How public schools will reopen on August 17 is a hot topic right now, particularly for teachers, parents and students.
According to a social media post, on Monday, July 27 at 6 p.m., North Carolina Gov. Roy Cooper participated in a “Members Only Tele-Townhall” with the North Carolina Association of Educators (NCAE). According to a note from the Guilford County Association of Educators (GCAE), only “dues paying members” were invited to participate.
Dues paying members of the NCAE presumably had an opportunity to lobby Cooper and ask questions about what the plans were for the upcoming school year.
According to Civitas, the NCAE membership makes up between 15 percent and 23 percent of the teachers in North Carolina. Not even close to a majority of teachers are dues paying members of the NCAE, but only these teachers who are members of the teachers’ union were afforded to opportunity to meet virtually with Cooper.
There doesn’t appear to be anything scheduled to offer the majority of teachers in the state who are not members of the NCAE an opportunity to meet virtually with Cooper to exchange views and ideas.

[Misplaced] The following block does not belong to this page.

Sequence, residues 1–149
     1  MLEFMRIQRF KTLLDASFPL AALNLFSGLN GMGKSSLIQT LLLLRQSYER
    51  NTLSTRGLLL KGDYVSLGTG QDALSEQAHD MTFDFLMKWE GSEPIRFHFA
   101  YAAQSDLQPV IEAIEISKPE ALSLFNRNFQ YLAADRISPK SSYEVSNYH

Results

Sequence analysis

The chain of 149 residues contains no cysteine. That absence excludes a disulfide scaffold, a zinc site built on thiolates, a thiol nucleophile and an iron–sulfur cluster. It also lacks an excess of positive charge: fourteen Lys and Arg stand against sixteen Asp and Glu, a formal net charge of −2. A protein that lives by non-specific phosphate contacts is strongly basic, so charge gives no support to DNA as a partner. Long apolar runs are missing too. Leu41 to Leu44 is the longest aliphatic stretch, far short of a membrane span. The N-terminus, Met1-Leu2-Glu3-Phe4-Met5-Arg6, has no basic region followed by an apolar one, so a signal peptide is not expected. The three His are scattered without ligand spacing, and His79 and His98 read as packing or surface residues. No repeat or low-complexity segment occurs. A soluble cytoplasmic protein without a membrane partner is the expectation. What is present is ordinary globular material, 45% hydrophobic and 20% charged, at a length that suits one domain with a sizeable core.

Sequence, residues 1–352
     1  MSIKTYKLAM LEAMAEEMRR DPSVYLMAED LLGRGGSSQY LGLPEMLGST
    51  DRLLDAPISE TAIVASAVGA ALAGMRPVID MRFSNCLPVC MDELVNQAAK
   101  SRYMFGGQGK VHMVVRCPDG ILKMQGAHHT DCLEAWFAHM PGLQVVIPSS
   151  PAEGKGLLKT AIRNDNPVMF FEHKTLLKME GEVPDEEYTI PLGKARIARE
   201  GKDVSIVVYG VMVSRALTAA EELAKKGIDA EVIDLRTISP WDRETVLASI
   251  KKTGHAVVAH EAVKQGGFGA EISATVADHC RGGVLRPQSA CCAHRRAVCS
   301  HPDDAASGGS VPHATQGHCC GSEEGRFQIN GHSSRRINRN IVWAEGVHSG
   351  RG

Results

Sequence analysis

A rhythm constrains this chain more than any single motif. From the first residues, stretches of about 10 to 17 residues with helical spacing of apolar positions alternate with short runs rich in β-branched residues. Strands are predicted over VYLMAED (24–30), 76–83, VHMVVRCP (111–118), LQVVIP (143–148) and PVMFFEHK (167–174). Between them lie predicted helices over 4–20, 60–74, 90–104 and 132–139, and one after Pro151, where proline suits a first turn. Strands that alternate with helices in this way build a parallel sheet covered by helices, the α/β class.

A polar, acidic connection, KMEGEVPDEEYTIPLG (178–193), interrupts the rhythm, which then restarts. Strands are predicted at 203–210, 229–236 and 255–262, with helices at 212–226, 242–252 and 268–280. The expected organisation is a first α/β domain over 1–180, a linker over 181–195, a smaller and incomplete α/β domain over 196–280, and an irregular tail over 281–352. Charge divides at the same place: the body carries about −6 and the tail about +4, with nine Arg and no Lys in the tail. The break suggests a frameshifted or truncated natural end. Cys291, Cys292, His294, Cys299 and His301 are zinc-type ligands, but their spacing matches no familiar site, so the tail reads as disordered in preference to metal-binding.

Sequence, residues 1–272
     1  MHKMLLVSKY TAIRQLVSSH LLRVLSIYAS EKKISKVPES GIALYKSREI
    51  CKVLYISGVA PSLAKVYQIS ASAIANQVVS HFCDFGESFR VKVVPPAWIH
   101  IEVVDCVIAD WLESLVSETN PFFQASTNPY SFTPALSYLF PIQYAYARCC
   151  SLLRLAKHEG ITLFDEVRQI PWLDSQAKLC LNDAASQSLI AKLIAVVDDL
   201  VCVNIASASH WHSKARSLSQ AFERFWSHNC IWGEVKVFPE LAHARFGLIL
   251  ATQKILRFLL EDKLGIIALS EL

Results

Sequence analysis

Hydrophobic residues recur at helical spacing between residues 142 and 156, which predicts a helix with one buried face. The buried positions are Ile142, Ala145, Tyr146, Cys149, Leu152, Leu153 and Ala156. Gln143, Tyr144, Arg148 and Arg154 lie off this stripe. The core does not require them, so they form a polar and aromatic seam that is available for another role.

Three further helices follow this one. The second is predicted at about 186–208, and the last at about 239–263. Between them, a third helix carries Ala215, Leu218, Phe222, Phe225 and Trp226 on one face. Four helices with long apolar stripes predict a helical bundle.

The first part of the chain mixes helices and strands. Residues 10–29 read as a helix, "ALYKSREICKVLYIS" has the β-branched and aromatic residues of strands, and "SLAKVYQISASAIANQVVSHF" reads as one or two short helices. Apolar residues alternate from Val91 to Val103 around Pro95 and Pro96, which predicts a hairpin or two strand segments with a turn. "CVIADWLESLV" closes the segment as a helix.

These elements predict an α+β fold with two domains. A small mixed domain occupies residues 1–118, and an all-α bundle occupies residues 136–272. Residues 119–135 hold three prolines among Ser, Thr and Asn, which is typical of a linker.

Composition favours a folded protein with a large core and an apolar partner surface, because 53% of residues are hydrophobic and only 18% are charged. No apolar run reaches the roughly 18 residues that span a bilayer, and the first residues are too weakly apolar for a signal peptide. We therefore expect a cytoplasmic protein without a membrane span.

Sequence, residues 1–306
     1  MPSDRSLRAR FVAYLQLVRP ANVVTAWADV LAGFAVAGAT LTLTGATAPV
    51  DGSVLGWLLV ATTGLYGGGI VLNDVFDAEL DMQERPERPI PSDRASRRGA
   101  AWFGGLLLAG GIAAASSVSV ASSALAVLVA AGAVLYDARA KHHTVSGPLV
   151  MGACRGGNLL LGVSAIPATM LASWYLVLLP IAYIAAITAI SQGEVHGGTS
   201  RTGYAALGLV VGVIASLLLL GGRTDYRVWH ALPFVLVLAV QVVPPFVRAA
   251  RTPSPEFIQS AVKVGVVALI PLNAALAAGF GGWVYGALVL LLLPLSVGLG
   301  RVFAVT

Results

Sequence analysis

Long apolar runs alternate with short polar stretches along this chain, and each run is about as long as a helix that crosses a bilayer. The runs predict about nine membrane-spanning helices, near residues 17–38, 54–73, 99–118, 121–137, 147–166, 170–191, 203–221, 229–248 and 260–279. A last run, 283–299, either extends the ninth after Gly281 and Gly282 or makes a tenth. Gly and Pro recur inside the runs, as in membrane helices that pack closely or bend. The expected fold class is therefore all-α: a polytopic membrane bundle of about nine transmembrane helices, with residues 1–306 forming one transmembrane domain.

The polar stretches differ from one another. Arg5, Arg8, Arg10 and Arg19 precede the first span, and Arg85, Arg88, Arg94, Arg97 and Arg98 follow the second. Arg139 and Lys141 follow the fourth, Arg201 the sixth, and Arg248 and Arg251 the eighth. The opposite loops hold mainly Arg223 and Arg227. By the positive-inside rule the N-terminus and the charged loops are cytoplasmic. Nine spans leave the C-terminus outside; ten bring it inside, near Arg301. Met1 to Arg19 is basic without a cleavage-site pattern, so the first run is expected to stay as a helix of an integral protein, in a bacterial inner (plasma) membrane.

Cooper has offered public school systems in the state two options for opening on August 17. One is to not hold any in person classes and meet virtually as the schools did in the spring semester this year.
The other option is to open at 50 percent capacity with at least six feet between students in the classroom and everyone required to wear masks all the time. School buses are also only allowed to have one child per row, which greatly reduces the capacity and would dramatically increase transportation costs.
The option that Cooper did not allow was to have regular classes even with restrictions on social distancing and requiring masks.
The Guilford County Board of Education is scheduled to make its decision on how schools will reopen in Guilford County on Tuesday, July 28.